I always landed on the floor.

Waking up after the fainting, I would sometimes feel sweaty and tired… other times I would feel fine.

My Seizure Symptoms

Not until my husband saw one of my fainting spells did I realize it was a seizure. Up until then, a few years into my occasional fainting spells, I was always by myself in the restroom, getting ready in the morning.

Dizziness very quickly with an urge to slouch over forward.

Sudden tummy ache and not being able to see straight.

Sometimes feeling very hot.

Dizziness turns into extreme nausea. (vomiting before or after the seizure, sometimes)

Laying on my stomach or side in bed, I would like like after a night of drinking when you “fall through the floor” but you’re laying still.

I would “go to sleep”, sometimes feeling that I had banged my head or back against something but not being aware and I would wake up on the floor.

The unconscious seizure activity has been reported to me as being very stiff, a little shaking, eyes rolled back and snorting/snoring during the seizure which lasts only 10-30 seconds.

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  1. Nicely crafted article. Well done! I clicked you “liked it”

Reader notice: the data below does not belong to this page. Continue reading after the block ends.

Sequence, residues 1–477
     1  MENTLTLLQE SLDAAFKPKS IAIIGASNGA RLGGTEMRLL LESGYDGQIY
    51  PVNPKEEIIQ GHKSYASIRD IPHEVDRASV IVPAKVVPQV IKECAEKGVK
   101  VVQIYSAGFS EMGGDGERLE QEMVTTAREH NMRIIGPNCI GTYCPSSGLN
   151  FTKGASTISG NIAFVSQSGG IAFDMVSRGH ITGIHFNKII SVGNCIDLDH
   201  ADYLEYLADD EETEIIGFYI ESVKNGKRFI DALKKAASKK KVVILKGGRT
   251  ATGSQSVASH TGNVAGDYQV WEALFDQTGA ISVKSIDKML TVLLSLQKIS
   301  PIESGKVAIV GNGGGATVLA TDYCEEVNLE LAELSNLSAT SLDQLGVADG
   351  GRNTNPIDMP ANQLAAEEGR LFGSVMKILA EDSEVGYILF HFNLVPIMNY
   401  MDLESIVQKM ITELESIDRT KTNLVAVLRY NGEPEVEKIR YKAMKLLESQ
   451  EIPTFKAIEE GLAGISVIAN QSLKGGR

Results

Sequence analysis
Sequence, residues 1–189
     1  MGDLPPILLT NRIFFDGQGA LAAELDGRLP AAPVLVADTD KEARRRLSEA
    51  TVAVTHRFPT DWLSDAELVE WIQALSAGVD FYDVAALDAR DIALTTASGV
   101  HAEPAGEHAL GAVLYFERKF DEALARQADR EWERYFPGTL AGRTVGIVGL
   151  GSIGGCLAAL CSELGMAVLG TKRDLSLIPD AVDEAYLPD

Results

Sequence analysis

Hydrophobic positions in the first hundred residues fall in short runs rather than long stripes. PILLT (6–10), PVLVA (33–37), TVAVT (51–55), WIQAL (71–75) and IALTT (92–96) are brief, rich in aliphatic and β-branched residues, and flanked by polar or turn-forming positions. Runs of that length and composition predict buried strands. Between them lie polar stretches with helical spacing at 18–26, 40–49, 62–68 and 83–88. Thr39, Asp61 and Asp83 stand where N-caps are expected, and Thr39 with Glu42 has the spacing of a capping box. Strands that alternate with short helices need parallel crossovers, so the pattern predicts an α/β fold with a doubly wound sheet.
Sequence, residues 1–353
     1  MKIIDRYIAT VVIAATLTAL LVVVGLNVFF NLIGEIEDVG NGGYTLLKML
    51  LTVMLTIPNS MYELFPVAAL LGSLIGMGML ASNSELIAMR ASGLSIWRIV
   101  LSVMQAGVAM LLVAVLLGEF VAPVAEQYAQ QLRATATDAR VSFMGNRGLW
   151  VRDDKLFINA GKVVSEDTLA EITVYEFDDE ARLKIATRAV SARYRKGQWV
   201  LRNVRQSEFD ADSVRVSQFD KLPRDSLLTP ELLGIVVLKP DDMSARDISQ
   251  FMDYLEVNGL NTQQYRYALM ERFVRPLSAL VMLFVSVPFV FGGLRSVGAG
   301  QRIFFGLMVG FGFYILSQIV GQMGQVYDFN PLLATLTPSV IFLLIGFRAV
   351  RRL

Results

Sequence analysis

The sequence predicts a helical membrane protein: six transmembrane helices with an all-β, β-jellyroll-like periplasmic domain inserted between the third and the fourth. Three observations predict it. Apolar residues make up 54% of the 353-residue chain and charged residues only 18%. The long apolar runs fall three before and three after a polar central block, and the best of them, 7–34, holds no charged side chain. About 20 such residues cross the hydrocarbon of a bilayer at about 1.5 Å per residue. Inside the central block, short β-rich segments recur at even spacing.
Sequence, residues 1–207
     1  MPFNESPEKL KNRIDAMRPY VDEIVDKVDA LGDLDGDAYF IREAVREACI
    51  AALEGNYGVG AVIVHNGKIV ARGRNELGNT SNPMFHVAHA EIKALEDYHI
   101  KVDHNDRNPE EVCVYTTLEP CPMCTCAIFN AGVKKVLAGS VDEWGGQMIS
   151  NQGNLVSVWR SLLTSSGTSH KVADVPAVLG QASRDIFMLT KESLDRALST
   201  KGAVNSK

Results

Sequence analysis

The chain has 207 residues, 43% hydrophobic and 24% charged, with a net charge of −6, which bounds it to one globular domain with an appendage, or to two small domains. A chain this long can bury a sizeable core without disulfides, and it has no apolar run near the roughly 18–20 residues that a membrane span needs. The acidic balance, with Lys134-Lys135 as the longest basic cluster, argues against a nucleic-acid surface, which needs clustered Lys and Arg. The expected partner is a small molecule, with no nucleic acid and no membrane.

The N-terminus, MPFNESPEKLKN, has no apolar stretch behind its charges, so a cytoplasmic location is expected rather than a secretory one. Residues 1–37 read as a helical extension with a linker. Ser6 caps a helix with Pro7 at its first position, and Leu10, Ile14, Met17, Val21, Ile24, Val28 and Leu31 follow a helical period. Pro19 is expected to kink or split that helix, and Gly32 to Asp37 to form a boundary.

2. Nice info….it will help people. Thnx for sharing..

  3. I have been experience something very similar about 1-4 times a year every year or two since I was in grade school. I would faint, be unconscious for 10-30 seconds, start to come to very slowly, often while vomiting. Unfortunately for me, every time but one has been in public. I’ve been to many doctor’s that didn’t find anything. Finally, after one especially bad one at a Post Office, I went to a specialist who said it was just your average ‘Vasovagal Syncope’ brought on low blood pressure (which is naturally even lower in the morning when you first wake up, which is why it generally occurred in the morning- for me, too). It really is inconvenient and scary, but I supposed it could be worse, too.